I’ve been out of the blogopshere for awhile, but this topic has been brewing within me for months. As you’ve probably guessed by know, it’s on the aspect(s) of data privacy in this, today’s information age. I can go on for, seemingly, forever citing the many data breaches report on in the news over the last few years – everything from Yahoo, to the federal government’s Office of Personnel Management, to Equifax, to Strava, to the latest faux pas’ involving Facebook and Google. While they all are about personal data (or what I like to also call Personally identifiable information (PII)), what I’m going to write about here more aligns itself with location awareness data.
As we all know, the explosion of location awareness really took off with the invention of GPS, but with respect to social media, the sheer personal alignment came with marrying it to mobile phones and GPS enabled smart watches. I really took notice of it after reading an article in Wired Magazine entitled “I am Here: One Man’s Experiment With The Location-Aware Lifestyle”. This article (see the reference at the end of the post), almost ten years old, really enlightened me to the implications (good and bad) of location awareness. Fast forwarding to today, location awareness capabilities are deeply pervasive. Again, with respect to the social media world, many people see it as welcomed convenience, if not a boon. I personally don’t see it as the latter. While there are aspects and applications of it that are truly welcomed by me in some situations I could name here, the act of using it – just because I can – doesn’t interest me at all. The primary reason is because of the vast development of the technology when it comes who and how location awareness data is being collected and what it is used for. While I certainly have nothing to hide, I dislike the fact that my location awareness data, in the most innocent sense, can be used, in so many ways, to market ads to me – marketing in which I have NO INTEREST WHATSOVER. The fact that this data can be collected against my will, brokered and sold to whoever can male use of it, bothers me, bothers me to the point where I refuse to give it up, willy nilly. I won’t even get in to the aspects of how it can be used for ill purposes (geolocation meta data on photographs uploaded to the web, aggregation of data regarding every place I traveled for a day, how long I’ve been on vacation (or similar) away from my home for ANYWAY to know and for how long simply because I keep uploading pics and status everyday I am gone, checked into, established I reviewed on Yelp, or similar, ultrasonic beacons being used to assess my shopping habits and likes when in a clothing store, etc, etc). The issue I have with apps (especially those smaller companies), is while they ensure that your data is protected via their technical design and terms of service, they can no longer ensure your data will be protected in the same way if their company is purchased by another company. What happens to my, one protected data, then? Sure, this is an everyday, common issue, but still…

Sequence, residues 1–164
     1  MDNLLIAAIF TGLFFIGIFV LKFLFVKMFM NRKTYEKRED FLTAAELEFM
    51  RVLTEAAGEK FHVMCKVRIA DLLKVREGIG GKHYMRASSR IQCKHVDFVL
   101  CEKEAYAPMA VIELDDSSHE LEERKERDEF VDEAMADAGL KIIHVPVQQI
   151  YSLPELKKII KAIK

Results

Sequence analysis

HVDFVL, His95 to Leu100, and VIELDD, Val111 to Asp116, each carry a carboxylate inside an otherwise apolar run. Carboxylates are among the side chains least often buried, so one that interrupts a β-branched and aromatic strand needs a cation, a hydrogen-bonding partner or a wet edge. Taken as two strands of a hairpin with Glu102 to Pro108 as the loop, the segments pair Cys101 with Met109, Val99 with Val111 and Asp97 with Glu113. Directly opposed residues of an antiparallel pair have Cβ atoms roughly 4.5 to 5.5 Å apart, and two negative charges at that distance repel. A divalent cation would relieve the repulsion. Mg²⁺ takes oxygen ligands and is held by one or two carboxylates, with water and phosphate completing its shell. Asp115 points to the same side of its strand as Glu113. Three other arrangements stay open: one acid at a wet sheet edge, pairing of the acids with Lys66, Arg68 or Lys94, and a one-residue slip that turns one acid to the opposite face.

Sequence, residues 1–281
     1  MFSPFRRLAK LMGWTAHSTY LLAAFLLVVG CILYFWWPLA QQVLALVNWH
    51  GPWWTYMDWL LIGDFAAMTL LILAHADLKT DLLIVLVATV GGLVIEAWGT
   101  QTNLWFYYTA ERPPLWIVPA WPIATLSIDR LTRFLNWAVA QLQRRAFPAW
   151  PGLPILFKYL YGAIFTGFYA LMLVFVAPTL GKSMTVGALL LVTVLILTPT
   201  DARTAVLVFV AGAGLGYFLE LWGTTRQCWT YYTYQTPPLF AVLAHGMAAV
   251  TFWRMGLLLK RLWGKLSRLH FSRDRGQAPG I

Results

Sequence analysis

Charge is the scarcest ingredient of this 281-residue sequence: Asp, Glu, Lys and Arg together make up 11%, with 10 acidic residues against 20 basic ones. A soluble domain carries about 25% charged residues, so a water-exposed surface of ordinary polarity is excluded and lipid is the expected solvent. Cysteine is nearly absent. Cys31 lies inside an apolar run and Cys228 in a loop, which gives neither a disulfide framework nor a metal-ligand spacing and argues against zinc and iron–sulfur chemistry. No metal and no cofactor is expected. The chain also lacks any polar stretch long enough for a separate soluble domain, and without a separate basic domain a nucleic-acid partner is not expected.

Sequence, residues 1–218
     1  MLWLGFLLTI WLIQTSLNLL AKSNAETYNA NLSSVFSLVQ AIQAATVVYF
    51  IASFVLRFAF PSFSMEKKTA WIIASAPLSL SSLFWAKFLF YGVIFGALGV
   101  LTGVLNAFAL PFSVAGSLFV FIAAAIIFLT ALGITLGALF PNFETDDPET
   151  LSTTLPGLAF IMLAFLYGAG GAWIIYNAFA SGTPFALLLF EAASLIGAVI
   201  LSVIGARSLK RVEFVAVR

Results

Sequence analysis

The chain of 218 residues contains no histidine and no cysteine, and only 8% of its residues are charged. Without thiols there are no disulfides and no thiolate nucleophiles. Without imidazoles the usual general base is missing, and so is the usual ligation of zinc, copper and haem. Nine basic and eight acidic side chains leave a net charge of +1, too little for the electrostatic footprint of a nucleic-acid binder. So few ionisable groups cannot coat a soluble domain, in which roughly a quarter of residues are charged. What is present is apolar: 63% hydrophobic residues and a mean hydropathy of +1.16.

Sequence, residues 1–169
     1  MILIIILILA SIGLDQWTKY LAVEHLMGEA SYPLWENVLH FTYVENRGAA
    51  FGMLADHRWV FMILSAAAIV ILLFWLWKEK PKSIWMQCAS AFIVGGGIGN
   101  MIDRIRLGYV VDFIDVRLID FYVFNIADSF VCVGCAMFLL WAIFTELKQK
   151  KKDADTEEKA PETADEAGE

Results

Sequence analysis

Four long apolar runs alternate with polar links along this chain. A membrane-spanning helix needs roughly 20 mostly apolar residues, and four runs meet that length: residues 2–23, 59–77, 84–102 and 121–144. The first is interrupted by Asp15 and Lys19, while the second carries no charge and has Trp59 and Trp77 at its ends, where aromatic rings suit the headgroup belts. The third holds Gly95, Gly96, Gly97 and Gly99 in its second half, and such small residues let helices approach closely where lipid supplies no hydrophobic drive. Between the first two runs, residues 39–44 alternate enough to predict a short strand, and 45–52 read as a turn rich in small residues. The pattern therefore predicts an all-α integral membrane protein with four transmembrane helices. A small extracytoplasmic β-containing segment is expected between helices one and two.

I know what you’re thinking….”He’s paranoid, for sure”.
(cues Paranoia Will Destroy Ya/Black Sabbath)
Honestly, because “1984” (and then some) has been here for a minute – I’d agree with you – to a certain extent. Now that you’ve read this far, what do you think? Is it even passe’ to be paranoid at all in this day of of the information age. Is it something we should just accep? I’ve had this conversation with two friends of mine, two I consider to be technically adept, and they both gave me some interesting opinions. They are as follows:
1) Brian Tramuel (@btramuel). He’s is an avid user of the Gyroscope app and is even found on their website with a featured story. Not only is he an avid user, but a subscriber to their pro app (Gyroscope has a free version which I use daily and really like). Essentially Brian’s take on location awareness is not unusual, hey…it may even be common – “Every one is being tracked. The net, for as long as I’ve been using it, has tons of info on me already, so it doesn’t really matter nor am I bothered with putting my location awareness out there.
3) DarrenKeith Wyatt (@myloveformusic2). He made an interesting comment regarding the concern of today’s generation vs future generations. If I recall correctly, his thought was that future generations will have a far greater concern with data privacy, in general, than this current generation. I found that intriguing, because I’d say the opposite – I think it will become SO normal in the future that the concern will vanish.
In short, we are being tracked via cellphone tower triangulation all day everyday. I’m not one to purposely hand over location awareness data freely, 24/7. I continually monitor my app settings on my phone to only use location awareness when needed by me, I make certain (as best as I can) not to embed location data in EXIF data on my digital photos upload to the internet, and a few other things, and try not to post information about my location (DIRECTLY) at anyone given PRESENT time (although it could be inferred if makes the effort of aggregating enough data points (if many) at said given time). Yeah, call it paranoid if you want, but that’s “how I roll”) (pun intended).
I’m truly interested on your take, your opinion…feel free to leave a comment or two (or ten).
Thanks for the read,
1. I am Here: One Man’s Experiment With The Location-Aware Lifestyle (Wired, 2009)
2. GPS on Wikipedia
3. Ultrasonic Tracking – A Twenty Thousand Hertz podcast
4. Gyroscope – The Operating System For The Human Body